The family we carpooled with last year was unavailable to drive with us this year so we are now carpooling with the Shewells. They live just a couple of miles up the road from our house and are great. They have a daughter in fourth grade who Emilia hadn't really met at school. Now that they have connected Emilia is excited to carpool with someone her age. They also have a son who is in second grade. He is in Carson's same reading group so the boys get to see each other at school. They also seem to share similar interests and in-spite of the age difference play great together. The best part however is that I don't have to drive to school AT ALL!

The Shewells drop of the kids at our house in the morning on their way to work and Todd drives them on his way to the office. They then pick them up from school and drop them off at our house. I am going to love this school year!!!

Sunday, August 28, 2016

Andrew is One

This 'little' guy turned one in August! A year ago I would not have imagined the delight he would bring into our family. He's been such a delight to Todd and I, but especially the kids who treat him as their own special baby. They squeeze his chubby cheeks, they constantly hug him and kiss him and take him with them wherever they go.

His appearance has changed so much. There are times when I look at him and see a little boy staring back at me instead of a baby. I love the little dimples that appear whenever he smiles.

In the past his stats were barely in the charts (98 percentile). At his one year appointment he was officially off the charts in head circumference and weight for length.

He has been putting on a pound a month and doesn't seem to stop. He weighted 21 lbs in March, 23 lbs in May, 24 lbs in June and almost 27 lbs in August. I can't wait for him to start walking so I don't have to carry him in my arms as much. Although, I have to admit my upper arms were never as toned as in the past 6 months.

The day after his birthday we had a family and close friends get together to celebrate this milestone. The theme was 'little man' so he got a cake decorated with suspenders and bow tie.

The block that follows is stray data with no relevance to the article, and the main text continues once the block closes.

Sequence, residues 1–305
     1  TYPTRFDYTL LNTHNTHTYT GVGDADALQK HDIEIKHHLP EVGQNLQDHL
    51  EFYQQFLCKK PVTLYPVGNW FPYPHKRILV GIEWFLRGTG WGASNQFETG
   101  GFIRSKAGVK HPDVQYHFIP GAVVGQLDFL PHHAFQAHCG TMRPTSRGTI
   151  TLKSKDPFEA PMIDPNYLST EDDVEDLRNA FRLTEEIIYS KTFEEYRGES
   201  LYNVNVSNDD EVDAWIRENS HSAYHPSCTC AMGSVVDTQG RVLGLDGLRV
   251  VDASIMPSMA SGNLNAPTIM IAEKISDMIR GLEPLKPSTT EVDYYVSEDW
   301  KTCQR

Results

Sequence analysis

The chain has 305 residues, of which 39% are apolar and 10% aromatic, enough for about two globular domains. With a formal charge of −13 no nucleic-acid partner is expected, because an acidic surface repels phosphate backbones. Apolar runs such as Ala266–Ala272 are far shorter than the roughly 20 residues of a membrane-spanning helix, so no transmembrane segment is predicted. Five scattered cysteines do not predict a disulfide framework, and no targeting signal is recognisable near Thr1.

He is still a bit too young to understand the concept of opening presents, but there were plenty of other kids there to help him with that. Which at times also felt a little overwhelming. 

After all the presents were unwrapped we sang happy birthday and let him eat his chocolate face with blue frosting. I'm so glad we held the party outside. It was quite messy under his chair after we were done.

Andrew milestones:

- playing with balls
- playing peak a boo
- bath time (as long as the water faucet is not running)
- being held by Romy
- playing with Stella, Carson and Emilia

- Dada
- Mama
- Stella (although he doesn't know the meaning of the word)

- everything that is placed in front of me. How do you think I got this figure? But if I have to choose...
- milk
- blueberries
- grapes
- watermelon

- wave
- give high fives
- go up and down stairs
- walk along furniture and holding only one hand
- throw really loud temper tantrums ;)

Romy's Talk on Reverence

Today, I gave a talk on the topic of reverence. My scheduled has been so full that I really haven't had the time to really sit down and focus on it until the later part of this week. However, having to put aside my temporal commitments to focus on preparing for this talk has also helped me get right back to my scripture study schedule without delay.

In August 1833, while in Kirtland the Prophet Joseph Smith received revelation instructing him to build a temple (D&C 97:5-17)
“And inasmuch as my people build a house unto me in the name of the Lord, and do not suffer any unclean thing to come into it, that it be not defiled, my glory shall rest upon it;